Saudi Arabian HMMWV

The US Defense Security Cooperation Agency (DSCA) has notified Congress of a potential foreign military sale (FMS) for blanket order requisitions under the cooperative logistics supply support arrangement (CLSSA) to Saudi Arabia.

Under the estimated $300m FMS order II, Saudi Arabia has requested funding for CLSSA blanket order requisitions for spare parts of M1A2 Abrams main battle tanks (MBTs), M2 Bradley fighting vehicles, high mobility multipurpose wheeled vehicles (HMMWVs), support vehicles and other associated logistics support services.

.The potential sale is expected to provide the Royal Saudi Land Forces (RSLF) Ordnance Corps with a contractually assured supply line for key vehicle repair parts required to maintain operational readiness of their vehicles and Abrams tank fleet.

In addition, the sale will contribute to the US’s foreign policy and national security by enhancing security for Saudi Arabia, which continues to serve as an important force for political stability and economic progress in the Middle Eastern region.

"The sale will contribute to the US’s foreign policy and national security through enhancing defence capabilities for Saudi Arabia."

Information about the prime contractors was not disclosed, but it is widely believed that BAE Systems, General Dynamics Land Systems (GDLS) and AM General, which provide similar items to US military, would be contracted for the FMS programme, as reported by Defense Industry Daily.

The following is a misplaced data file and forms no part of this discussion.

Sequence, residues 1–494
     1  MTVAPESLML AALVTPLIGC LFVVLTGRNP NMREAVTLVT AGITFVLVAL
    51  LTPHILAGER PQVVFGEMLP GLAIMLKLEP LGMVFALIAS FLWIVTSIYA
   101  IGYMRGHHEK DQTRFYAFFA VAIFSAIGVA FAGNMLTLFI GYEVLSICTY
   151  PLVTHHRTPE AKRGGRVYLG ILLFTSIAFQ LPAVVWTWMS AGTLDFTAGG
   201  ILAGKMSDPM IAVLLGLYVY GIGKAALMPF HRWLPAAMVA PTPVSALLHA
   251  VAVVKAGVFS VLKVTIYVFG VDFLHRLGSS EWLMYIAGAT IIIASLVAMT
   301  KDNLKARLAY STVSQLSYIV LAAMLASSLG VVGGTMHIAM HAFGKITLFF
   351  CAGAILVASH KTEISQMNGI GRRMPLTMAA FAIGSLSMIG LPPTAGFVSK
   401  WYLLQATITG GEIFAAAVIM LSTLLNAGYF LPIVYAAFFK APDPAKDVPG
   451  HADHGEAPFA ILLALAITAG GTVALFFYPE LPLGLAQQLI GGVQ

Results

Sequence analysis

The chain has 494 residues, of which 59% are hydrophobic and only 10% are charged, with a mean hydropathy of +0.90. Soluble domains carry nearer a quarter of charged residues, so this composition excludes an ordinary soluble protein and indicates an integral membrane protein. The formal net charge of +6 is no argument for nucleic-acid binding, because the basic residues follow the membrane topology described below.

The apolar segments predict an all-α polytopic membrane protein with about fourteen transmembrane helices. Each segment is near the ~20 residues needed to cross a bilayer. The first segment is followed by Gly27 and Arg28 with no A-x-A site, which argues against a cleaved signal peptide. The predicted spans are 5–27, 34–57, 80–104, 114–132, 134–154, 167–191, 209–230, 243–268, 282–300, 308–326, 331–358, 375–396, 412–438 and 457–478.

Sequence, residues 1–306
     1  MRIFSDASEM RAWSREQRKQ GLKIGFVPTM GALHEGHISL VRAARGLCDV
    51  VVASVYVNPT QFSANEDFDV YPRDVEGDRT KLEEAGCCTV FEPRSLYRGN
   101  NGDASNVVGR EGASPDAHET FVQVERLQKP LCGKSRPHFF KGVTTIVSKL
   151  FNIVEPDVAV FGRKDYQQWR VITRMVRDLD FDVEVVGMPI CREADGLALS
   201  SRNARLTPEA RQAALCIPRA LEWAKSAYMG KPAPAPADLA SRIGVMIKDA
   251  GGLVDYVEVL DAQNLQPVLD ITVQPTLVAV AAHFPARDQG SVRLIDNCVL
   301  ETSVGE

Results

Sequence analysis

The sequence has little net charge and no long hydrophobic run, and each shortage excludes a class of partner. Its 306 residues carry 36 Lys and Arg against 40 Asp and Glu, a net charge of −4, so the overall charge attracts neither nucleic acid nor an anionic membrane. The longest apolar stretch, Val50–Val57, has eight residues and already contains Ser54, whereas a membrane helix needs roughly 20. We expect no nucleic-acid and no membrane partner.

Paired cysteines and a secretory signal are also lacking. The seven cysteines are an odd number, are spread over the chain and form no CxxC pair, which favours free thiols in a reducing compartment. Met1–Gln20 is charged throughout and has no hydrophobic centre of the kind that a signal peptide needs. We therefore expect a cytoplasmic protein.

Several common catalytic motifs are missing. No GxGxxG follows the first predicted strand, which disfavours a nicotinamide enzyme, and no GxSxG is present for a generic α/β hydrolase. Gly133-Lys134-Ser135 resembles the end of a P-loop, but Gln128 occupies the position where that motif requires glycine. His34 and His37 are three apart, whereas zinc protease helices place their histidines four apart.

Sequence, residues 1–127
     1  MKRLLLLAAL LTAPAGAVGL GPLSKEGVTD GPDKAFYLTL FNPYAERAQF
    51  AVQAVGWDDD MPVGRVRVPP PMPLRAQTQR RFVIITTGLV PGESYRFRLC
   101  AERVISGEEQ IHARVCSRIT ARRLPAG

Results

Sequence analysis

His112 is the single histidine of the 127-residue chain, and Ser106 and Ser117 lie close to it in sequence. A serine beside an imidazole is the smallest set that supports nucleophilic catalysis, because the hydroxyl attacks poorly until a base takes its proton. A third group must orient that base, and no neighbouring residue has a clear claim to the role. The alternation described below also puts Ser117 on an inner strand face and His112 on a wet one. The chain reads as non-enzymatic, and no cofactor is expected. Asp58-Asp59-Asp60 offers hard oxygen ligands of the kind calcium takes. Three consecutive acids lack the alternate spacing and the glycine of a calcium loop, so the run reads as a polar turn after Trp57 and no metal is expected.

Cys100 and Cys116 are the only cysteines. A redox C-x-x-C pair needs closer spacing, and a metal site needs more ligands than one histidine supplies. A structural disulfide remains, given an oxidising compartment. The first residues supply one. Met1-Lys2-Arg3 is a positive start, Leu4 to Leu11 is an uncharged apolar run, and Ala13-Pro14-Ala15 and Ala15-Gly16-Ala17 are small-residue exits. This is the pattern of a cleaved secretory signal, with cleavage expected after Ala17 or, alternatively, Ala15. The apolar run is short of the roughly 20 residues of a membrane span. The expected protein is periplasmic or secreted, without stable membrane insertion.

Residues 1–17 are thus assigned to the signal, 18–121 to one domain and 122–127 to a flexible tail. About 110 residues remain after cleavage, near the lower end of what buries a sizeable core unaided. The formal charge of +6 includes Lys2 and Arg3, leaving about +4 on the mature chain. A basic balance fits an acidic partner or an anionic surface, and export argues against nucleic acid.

Manufactured by GDLS, the M1A2 is an upgraded variant of the M1A1 Abrams MBT and features a commander’s independent thermal viewer, weapon station, position navigation equipment, a full set of controls and displays, as well as an enhanced fire control system.

The M-2/M-3 Bradley is a heavy-fighting vehicle designed to transport infantry on the battlefield with armour protection, while providing covering fire to suppress enemy troops and armoured vehicles.

Image: A Saudi Arabian high-mobility multipurpose wheeled vehicle equipped with a QCB machine gun. Photo: courtesy of PV2 Andrew W McGalliard.